There’s good evidence that certain dietary supplements—including antioxidant vitamins, zinc, and copper—may slow the advance of age-related macular degeneration (AMD). But what about getting those nutrients the natural way—from a healthy diet?
The widely accepted model for healthy eating is the Mediterranean diet, which abounds in fruit, vegetables, whole grains, nuts, legumes, and fish, with only modest amounts of red and processed meats. This largely plant-based diet is naturally rich in antioxidants and healthy fats, including the same nutrients found in dietary supplements designed to slow AMD.
Findings published in 2015 in The American Journal of Clinical Nutrition offer encouraging evidence that following a Mediterranean eating plan may offer even more protection than those supplements.
Diet vs. supplements
Researchers at Tufts Medical Center and Harvard Medical School looked at data from 2,525 volunteers with intermediate AMD who participated in the Age-Related Eye Disease Study (AREDS). Among them, 1,028 went on to develop advanced AMD over a 13-year period.
Using dietary questionnaires completed by the volunteers, researchers scored the participants on how closely they adhered to the Mediterranean diet. The scoring system covered nine component food groups: vegetables, fruits, legumes, whole grains, nuts, fish, red and processed meats, alcohol, and the ratio of monounsaturated fats to saturated fats.
Volunteers who consumed generous amounts of foods considered to be healthy—nuts, fruits, vegetables, and whole grains, for instance—were awarded one point for each food group. They also received points if they consumed only modest amounts of foods considered to be unhealthy, such as red and processed meats. Participants received one point if they consumed moderate amounts of alcohol (the equivalent of one glass a day for women, two glasses a day for men).
The higher the Mediterranean score, the researchers found, the less likely people in the study were to develop AMD. Subjects with the highest scores had a 26 percent lower risk of progressing to advanced AMD over the course of the study.
In one sense, that finding isn’t surprising. A high Mediterranean score, the researchers showed, was associated with higher intake of beta-carotene, vitamins C and E, and other nutrients that may be associated with healthier vision.
But the study also suggests that eating a healthy diet is even more important than popping a supplement. Subjects in the study who followed the Mediterranean diet had a lower risk of advanced AMD compared with individuals taking an eye-related dietary supplement.
Caffeine may help
In addition, the Coimbra [Portugal] Eye Study, in an update presented at the 2016 annual meeting of the American Academy of Ophthalmology, suggests a protective effect associated with high adherence to the Mediterranean diet through an increased consumption of fruits.
The study’s micronutrient analysis showed a possible protective effect associated with increased consumption of caffeine—something not previously reported—as well as dietary fibers, beta-carotene, and vitamins C and E.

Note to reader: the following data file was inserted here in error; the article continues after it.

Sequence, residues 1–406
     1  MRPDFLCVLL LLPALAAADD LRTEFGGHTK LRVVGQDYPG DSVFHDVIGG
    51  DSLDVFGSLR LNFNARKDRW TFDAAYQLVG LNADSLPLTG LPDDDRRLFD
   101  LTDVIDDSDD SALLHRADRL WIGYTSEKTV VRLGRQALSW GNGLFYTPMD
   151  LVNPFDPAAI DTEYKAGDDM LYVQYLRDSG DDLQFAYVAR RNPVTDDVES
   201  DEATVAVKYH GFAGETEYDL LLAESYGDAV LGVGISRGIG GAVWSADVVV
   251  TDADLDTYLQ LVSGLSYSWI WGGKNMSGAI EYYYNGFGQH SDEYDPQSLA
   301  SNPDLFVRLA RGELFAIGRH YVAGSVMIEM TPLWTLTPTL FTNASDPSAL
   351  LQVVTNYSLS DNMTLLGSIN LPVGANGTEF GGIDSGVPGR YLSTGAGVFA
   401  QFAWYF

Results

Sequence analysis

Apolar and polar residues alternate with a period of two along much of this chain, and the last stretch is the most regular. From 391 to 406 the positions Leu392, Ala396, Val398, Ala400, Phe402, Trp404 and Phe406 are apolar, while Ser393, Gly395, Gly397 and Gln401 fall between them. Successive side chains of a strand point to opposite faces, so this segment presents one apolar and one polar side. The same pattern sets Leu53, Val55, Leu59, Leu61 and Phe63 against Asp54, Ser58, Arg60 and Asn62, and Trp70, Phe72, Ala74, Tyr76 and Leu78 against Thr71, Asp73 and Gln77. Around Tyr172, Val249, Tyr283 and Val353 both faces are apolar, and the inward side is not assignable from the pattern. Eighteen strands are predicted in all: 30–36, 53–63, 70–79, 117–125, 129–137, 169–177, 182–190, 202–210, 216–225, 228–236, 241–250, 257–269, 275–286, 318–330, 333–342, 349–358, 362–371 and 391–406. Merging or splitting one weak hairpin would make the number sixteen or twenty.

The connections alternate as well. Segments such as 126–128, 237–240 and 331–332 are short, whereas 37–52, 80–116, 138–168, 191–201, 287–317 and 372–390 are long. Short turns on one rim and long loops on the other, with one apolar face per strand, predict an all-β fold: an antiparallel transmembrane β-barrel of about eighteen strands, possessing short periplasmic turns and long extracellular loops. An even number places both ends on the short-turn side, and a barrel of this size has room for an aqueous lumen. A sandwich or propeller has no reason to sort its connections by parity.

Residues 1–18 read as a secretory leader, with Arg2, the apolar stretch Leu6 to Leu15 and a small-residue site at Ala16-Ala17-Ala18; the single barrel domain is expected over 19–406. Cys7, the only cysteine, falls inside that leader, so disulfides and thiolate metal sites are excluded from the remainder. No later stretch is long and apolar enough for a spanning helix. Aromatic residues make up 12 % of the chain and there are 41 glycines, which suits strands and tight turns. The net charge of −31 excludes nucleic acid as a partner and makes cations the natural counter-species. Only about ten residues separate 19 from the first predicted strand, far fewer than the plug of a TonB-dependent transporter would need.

It’s important to note that these are preliminary findings that were presented at a conference and have not yet undergone the rigorous peer-review process required before a study’s publication to ensure it meets established scientific standards.
How can a healthy diet protect your eyes? There are probably several ways, according to the experts.
• The plant-based Mediterranean diet abounds in antioxidants and other substances that can decrease inflammation in the body—and both oxidative stress and inflammation are part of the process that leads to AMD.
• Another risk factor for AMD is high blood pressure, and research shows that eating patterns like the Mediterranean diet—rich in fruits, vegetables, whole grains, and nuts—can help keep your blood pressure in check.
• Obesity is still another possible risk factor for AMD. And while there’s no magic bullet for healthy weight, following a Mediterranean diet has been shown to help some people shed pounds and keep them off.
It’s worth noting that not everyone in the AREDS study benefited equally from a Mediterranean diet. Participants with a particular genetic profile, one dubbed CFH Y402H, linked to a lower risk of AMD, got a bigger benefit than those with a high-risk genetic profile—a reminder that the genes you inherit play a significant role in your health profile. But even if a healthy diet alone won’t prevent AMD, it may help slow the process.
Most researchers agree that following an eating plan like the Mediterranean diet is healthy for other reasons. A 2013 study by Spanish researchers, published in BMC Ophthalmology, showed that a diet loaded with fruits and vegetables containing vitamins C and E—a hallmark of the Mediterranean diet—significantly reduced the risk of cataracts.
Other research has shown that the Mediterranean diet is associated with a lower risk of heart disease, stroke, and diabetes.
Read more about preventing age-related macular degeneration.
Peter Jaret is the author of several health-related books, including “In Self-Defense: The Human Immune System” (Harcourt Brace), “Nurse: A World of Care” (Emory University Press), and “Impact: On the Frontlines of Public Health” (National Geographic). A frequent contributor to National Geographic, The New York Times, Reader’s Digest, Health, More, AARP Bulletin, and dozens of other periodicals, Jaret is the recipient of an American Medical Association award for journalism and two James Beard awards. He lives in Petaluma, Calif.